Clark told reporters in Surrey City Hall the gang violence is an example of how the actions of a few can rob everyone of a sense of safety and security.
Tuesday's gunfire brings the number of shooting incidents since the beginning of March to almost two dozen in Surrey and nearby Delta. One man has been killed and others have been injured.
Police say many of the shootings are the result of a dispute between two groups of South Asian and Somalian descent over the low-level drug trade.
Clark said authorities are working hard so residents feel safe and secure.
"I want the people of Surrey to know that this city is not alone. The government of British Columbia stands with you in making sure we do everything we can to combat this threat."
While the problem won't be solved overnight, the premier said a comprehensive approach will address the root cause of these crimes.
She announced more funding for an overburdened anti-gang initiative called Wraparound.
The school-based program that tries to prevent children from going into gangs will get one-time funding of $270,000, and Clark encouraged the federal government to match the funds to wipe out the current wait-list of 40 children.
"Our goal is a violence-free B.C. and that means making sure that young people aren't going into gangs. There are two outcomes for kids who join gangs, there are only two: one is a jail cell and one is a grave."
NDP Justice critic Mike Farnworth criticized Clark's funding plan, saying she's allowing 20 at-risk Surrey youths to join gangs and face early deaths.
"What's particularly concerning, and in fact disturbing about the announcement is the premier admits that there are 40 kids on the wait-list for this program," said Farnworth at the legislature.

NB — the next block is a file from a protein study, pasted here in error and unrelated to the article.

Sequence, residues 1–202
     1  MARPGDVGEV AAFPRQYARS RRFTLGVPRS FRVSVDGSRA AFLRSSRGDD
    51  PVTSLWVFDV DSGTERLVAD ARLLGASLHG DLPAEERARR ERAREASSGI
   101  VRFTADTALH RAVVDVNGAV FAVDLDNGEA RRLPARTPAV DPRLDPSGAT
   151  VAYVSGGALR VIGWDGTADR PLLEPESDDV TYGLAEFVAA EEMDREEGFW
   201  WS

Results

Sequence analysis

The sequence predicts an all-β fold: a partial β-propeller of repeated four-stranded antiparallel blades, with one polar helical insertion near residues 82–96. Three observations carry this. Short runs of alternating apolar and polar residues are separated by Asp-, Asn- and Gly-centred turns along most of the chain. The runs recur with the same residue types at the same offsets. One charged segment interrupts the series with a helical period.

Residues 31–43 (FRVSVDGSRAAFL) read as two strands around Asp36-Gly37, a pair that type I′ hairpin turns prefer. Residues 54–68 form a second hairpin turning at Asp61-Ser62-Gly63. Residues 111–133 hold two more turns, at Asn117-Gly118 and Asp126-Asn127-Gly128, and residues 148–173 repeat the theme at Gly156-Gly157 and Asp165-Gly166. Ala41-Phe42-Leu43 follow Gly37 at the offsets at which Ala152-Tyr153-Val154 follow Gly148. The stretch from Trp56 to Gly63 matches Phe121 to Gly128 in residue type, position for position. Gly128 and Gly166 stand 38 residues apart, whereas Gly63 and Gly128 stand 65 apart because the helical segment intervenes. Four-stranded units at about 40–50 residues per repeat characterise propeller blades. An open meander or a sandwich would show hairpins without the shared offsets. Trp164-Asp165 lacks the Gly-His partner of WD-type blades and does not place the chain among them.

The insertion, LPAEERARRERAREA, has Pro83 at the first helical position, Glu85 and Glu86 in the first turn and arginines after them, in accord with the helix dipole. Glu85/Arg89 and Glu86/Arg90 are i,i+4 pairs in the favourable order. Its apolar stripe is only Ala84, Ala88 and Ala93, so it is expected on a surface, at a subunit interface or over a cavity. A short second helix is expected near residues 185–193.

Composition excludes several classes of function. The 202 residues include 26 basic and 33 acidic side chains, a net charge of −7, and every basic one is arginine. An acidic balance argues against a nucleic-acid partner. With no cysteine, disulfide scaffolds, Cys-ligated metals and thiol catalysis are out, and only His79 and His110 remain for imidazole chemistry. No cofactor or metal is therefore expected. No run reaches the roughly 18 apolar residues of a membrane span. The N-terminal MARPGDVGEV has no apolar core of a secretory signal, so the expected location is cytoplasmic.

"Forty kids who are on a path to a gang lifestyle that tragically could end up, where they end up dead."
Surrey Mounties have said those involved in the dispute aren't talking. Police even took the unusual move of publicizing photos of those injured, asking for public help in solving the crimes.
On Tuesday, RCMP Chief Supt. Bill Fordy said the lure of the drug lifestyle is nothing new to young people looking for quick money and adventure.
"It's a misconception that the criminal lifestyle will afford any person longevity or a lifetime of success," he said. "Still it is attractive to our young people."
Opposition New Democrat member Harry Bains — whose nephew has been the sole death in the escalating dispute — said police, schools and communities must take back their public turf from people waging war in the streets.
"We have heard the term they are fighting for turf," Bains said Tuesday at the legislature. "My message is, through our law enforcement, we need to protect public turf."
Bains said the gang warfare must become a top priority because lives are at risk.
"I don't believe we are doing enough," he said.
Delta Police announced Tuesday that cameras are being installed in the North Delta area to discourage gun violence.
"We believe they will both deter criminal actions related to violence, but also aid us in the investigative process," said Acting Chief Lyle Beaudoin in a statement.
The province has approved 100 more police officers for Surrey, but approval from the federal government still hasn't been granted.
A statement from Public Safety Minister Steven Blaney said his government has made significant investments in the RCMP to ensure there are enough frontline police officers in communities.